To be certified, every grass-seed variety has to be registered. That means it has to be listed on one of the Danish, EU, or OECD plant-variety catalogues. To be sold within the EU, however, the variety must be on the Danish or EU catalogues.
No seed gets a listing on any plant-variety catalogue without first undergoing comprehensive technical analysis. It must meet standards for:
Certification standards depend on the generation or 'category' of a seed. In the beginning we select a small portion of the breeder material for reproduction. This material is not necessarily produced under official control. All subsequent generations have to be under the strict control of an official certification authority.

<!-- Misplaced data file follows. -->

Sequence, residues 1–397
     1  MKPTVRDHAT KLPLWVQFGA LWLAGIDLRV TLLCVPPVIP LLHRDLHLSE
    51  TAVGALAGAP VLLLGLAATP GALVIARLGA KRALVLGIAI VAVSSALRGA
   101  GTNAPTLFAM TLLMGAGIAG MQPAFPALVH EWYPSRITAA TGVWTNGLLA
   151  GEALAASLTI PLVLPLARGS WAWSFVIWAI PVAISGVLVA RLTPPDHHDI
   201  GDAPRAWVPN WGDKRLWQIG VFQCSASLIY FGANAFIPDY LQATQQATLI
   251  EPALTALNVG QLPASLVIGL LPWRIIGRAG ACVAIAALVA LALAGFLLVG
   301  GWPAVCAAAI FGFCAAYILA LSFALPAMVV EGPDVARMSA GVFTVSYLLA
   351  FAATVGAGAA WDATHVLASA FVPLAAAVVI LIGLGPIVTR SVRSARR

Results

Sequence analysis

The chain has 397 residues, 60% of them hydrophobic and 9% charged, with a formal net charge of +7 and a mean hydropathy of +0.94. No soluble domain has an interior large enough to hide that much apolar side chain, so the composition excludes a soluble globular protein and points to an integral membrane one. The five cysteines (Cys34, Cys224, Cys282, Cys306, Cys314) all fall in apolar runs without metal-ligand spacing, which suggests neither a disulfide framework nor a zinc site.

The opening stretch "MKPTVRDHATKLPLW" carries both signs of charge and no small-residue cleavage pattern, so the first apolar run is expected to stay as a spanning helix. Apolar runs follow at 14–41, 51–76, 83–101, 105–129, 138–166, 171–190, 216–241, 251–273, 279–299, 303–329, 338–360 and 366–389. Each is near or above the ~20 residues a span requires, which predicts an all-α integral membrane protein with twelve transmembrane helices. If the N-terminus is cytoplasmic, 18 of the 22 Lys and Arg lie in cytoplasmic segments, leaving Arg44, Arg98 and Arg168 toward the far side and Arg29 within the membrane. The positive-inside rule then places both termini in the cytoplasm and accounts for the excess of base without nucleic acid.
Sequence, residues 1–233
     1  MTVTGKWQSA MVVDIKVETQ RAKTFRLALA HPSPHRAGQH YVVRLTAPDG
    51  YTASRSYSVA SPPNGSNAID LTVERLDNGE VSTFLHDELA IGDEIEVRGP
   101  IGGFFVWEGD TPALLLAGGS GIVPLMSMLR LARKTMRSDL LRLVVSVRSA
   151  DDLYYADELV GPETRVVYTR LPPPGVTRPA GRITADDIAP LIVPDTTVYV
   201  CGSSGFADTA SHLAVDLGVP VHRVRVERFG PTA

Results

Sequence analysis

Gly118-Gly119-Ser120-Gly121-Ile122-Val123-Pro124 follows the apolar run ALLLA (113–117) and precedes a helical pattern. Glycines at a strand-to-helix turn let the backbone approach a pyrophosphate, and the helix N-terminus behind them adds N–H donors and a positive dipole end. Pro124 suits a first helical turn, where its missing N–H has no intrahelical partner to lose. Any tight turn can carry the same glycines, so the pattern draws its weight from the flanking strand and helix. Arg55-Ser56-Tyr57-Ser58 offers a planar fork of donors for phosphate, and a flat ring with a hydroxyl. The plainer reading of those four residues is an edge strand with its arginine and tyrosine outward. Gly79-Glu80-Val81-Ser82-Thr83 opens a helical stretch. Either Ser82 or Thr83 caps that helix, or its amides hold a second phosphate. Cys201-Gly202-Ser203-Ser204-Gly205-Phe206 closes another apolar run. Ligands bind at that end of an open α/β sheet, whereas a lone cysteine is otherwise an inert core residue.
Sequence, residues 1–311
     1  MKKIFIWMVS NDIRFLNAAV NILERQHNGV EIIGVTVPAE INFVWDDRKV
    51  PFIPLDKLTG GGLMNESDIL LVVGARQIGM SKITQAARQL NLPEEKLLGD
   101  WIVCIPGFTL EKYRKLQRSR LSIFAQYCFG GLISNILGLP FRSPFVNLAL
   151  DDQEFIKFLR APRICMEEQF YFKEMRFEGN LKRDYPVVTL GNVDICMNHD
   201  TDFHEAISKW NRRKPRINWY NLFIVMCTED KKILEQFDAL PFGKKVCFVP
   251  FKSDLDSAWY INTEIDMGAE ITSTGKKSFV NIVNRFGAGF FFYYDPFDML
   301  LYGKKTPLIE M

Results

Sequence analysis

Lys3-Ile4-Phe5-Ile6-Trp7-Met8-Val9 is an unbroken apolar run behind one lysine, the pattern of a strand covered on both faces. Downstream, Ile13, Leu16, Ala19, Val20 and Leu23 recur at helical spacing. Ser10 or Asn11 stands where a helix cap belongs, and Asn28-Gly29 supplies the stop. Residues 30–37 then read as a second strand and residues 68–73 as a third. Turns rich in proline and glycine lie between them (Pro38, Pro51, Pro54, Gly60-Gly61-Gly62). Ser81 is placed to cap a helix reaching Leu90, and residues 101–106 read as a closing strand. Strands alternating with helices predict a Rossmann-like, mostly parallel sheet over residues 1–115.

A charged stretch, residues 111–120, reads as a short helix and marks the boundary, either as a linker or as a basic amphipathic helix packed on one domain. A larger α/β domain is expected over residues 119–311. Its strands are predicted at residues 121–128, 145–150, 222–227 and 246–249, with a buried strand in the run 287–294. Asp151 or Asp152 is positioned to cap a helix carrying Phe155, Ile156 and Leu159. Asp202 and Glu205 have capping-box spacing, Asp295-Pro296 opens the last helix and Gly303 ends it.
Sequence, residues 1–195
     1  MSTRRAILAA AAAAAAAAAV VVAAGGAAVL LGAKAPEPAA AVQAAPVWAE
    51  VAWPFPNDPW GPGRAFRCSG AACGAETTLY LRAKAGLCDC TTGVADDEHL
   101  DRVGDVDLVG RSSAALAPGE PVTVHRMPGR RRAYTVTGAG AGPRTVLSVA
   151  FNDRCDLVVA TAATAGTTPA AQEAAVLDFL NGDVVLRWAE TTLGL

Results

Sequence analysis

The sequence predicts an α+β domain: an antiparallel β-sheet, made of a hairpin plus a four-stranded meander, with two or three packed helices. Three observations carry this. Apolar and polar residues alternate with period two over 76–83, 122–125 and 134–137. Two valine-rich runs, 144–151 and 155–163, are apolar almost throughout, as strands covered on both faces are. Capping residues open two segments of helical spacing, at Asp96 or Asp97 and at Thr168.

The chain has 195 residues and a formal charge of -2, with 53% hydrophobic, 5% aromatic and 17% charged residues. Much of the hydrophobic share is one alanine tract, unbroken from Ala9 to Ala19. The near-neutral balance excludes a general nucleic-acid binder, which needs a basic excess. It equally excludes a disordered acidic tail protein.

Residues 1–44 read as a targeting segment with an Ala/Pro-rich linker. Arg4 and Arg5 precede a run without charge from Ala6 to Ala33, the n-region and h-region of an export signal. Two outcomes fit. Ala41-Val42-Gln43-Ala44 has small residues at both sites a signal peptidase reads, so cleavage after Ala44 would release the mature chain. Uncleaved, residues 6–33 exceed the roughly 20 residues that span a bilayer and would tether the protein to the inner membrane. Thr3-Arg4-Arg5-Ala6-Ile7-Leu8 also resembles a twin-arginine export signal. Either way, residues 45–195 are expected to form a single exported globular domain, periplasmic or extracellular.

The requirements for first generations (prebasic and basic seed) are higher than for later generations of certified seeds (C1/C2). The later generations are the basis on which we produce pure, uniform certified seeds of high quality.
We keep a standard sample of every variety. The standard is a living example of how each variety should perform. Comparing samples of certified seeds to the standard is known as post control. At our Post Control Station we sow samples of certified seed next to the standard sample. By comparing the two samples throughout the growing season, we can verify that the certified samples perform exactly like the standard. It's a guarantee of uniformity.
All fields used for seed breeding are inspected by official or authorised field inspectors. For these early generations of a variety, the inspectors apply the most demanding standards. They're checking:
Seed that passes the field-inspection tests is harvested and cleaned. An authorised seed sampler then seals and labels the seed lot, and takes samples for testing.
All seed testing takes place at ISTA accredited laboratories. They send their results direct to the regulating authorities. If the sample fails to meet EU standards, the seed lot cannot be certified. The labels are removed from the seed lot.